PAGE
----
San Francisco, 19th June 1990
"Smoother than Jones. Alias Much Finer than Sinatra."
At 4 a.m.
Man in the Backyard
One Time at Sundown
Smoother than Jones
Blue Eyes Crying in the Rain
Words from the Front
O Foolish Heart
I Am Daylight
Let Go the Mansion
I Walk the Line
You might approach this one with a feeling of .. what?.. apprehension? A Tom Verlaine solo acoustic show. Unplugged, as they say. No chance at all of the electric guitar wonders that we love and look forward to. In a way it's the last thing that you expect Verlaine to do so you have no idea at all what to expect.
What strikes you first is the rapport which he establishes with the audience. There's an atmosphere of intimacy and warmth, and he sounds very comfortable doing it. What you get is eighty minutes or so of Verlaine songs stripped down to their very essentials - the words. The bare bones of all these songs (mostly from "The Wonder" which, at one point, refers to as "my new record which is available everywhere except America!"). Now, Tom Verlaine is no more a "singer/songwriter" in a the accepted way than John Lennon was so it's pointless to listen to this as if it were, say, a James-Taylor-kind-of-thing. The acoustic guitar accompaniments are not (couldn't be) quieter equivalents of the electric structures from the albums. The guitar here is almost incidental to what's going on, which is something I never expected to feel about a Verlaine performance! (Having said elsewhere that there are no traces of blues influences in Verlaine's electric guitar, now I have to say that they are all over his acoustic playing.)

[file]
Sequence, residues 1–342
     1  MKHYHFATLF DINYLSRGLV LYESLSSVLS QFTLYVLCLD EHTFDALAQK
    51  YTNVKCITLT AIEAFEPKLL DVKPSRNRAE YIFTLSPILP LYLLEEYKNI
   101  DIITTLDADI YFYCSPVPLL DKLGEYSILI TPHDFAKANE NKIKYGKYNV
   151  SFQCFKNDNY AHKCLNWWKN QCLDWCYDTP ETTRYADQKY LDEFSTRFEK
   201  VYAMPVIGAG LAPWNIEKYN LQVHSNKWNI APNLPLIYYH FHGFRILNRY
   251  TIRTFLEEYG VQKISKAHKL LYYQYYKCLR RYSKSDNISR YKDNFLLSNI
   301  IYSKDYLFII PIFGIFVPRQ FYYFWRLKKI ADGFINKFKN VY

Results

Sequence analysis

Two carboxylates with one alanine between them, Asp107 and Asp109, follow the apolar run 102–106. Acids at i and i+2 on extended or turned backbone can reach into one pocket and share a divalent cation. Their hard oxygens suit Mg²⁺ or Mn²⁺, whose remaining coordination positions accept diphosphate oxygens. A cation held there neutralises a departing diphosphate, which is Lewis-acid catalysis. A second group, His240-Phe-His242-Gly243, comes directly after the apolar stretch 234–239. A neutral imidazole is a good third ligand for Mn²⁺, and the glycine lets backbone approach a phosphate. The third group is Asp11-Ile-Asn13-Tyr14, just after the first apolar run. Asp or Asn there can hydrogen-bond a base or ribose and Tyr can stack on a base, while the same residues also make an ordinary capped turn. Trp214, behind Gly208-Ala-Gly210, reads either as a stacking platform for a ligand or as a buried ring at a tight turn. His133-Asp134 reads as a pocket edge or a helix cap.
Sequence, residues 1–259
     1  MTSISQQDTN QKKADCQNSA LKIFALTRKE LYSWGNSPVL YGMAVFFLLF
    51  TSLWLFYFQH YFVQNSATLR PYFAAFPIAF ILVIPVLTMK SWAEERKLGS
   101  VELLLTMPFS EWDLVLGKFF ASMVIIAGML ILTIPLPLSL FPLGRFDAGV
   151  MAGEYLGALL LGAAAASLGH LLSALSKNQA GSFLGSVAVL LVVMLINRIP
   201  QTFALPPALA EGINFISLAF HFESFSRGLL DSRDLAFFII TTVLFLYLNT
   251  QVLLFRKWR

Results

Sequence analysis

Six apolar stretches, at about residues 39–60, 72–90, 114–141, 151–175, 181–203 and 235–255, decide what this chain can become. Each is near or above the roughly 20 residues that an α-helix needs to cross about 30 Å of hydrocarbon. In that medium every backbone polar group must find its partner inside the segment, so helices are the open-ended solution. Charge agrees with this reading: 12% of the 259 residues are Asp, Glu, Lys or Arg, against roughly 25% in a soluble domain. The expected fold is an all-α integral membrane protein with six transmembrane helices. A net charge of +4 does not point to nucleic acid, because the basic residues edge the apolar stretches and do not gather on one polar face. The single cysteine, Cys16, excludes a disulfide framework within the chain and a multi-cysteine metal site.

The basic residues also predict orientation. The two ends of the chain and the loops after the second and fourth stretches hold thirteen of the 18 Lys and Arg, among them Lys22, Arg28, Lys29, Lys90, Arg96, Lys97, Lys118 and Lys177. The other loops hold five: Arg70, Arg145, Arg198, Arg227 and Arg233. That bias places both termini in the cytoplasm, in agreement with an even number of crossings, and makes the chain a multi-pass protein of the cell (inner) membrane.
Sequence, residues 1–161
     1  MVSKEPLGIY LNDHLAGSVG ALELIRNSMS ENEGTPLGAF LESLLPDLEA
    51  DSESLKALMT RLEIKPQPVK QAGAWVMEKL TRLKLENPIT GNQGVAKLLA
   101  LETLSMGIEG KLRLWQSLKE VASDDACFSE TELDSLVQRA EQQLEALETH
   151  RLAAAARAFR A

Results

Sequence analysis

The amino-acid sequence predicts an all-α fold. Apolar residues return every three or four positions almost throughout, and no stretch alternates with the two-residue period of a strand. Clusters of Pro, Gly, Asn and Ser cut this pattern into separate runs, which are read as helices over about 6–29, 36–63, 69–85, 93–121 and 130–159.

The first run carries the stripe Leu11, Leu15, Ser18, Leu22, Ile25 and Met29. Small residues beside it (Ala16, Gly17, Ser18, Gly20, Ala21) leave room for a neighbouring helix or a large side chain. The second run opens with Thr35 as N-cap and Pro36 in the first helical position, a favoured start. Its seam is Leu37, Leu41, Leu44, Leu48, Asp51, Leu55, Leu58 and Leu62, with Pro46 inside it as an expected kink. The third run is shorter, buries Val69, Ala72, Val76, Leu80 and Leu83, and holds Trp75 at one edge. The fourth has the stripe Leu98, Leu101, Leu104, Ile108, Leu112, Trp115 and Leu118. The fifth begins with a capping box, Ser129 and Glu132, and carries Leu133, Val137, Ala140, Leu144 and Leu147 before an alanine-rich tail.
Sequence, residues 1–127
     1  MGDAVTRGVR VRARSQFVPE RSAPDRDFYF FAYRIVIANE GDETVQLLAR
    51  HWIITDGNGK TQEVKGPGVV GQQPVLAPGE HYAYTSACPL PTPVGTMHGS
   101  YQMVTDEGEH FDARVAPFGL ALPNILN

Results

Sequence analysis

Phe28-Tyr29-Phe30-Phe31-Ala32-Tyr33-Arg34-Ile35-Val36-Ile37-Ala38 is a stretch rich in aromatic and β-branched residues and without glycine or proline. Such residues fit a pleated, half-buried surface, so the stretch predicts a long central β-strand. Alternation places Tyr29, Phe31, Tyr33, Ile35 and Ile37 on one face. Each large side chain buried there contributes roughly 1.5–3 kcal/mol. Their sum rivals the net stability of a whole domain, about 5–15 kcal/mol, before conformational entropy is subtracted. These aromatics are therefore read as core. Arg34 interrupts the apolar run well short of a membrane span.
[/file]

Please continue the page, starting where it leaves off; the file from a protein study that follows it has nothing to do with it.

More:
I would never have thought, for example, that "Words From the Front" would work without its wonderful electric guitar, but it does. The broken lines that Verlaine pulls from the acoustic have just as much power as the searing electric solo on the album. "At 4 a.m." is quite lovely and his voice has a warmth and tunefulness that has never been so apparent, the guitar sounding, at times, like a mandolin. In "Smoother Than Jones" his voice has a fragility and vulnerability which is quietly gripping. "Blue Eyes Crying in the Rain" is a surprise and a small delight.
So, you are drawn into his world/view of things much more directly and easily than before (and, it has to be said, the audience seems to be hanging on to every word). The sense of catching glimpses of someone else's thoughts, dream fragments, that I get from Verlaine's records is intensified here through the clarity of the lyrics and the spare music.
Another thing that takes you by surprise (although I don't know why it should) is the humour. "Man In The Backyard", a kind of simple tale of urban paranoia, emerges spooky and funny - imagine a cross between the Dylan of "Time Out of Mind" and Loudon Wainwright. Johnny Cash's "I Walk The Line" segues into "Ring of Fire" and then mutates into a ludicrous scenario in which Cash, bombed out of his mind in a motel room, muses on pill-popping, motel curtains, death and redemption. It manages to be funny and strangely moving at the same time.
Most bands who have taken the unplugged route seem to have done it to prove that they could - only to demonstrate that they couldn't. Verlaine, with nothing much to prove, simply opens his songs up and presents them in a less ambiguous context. You should hear this.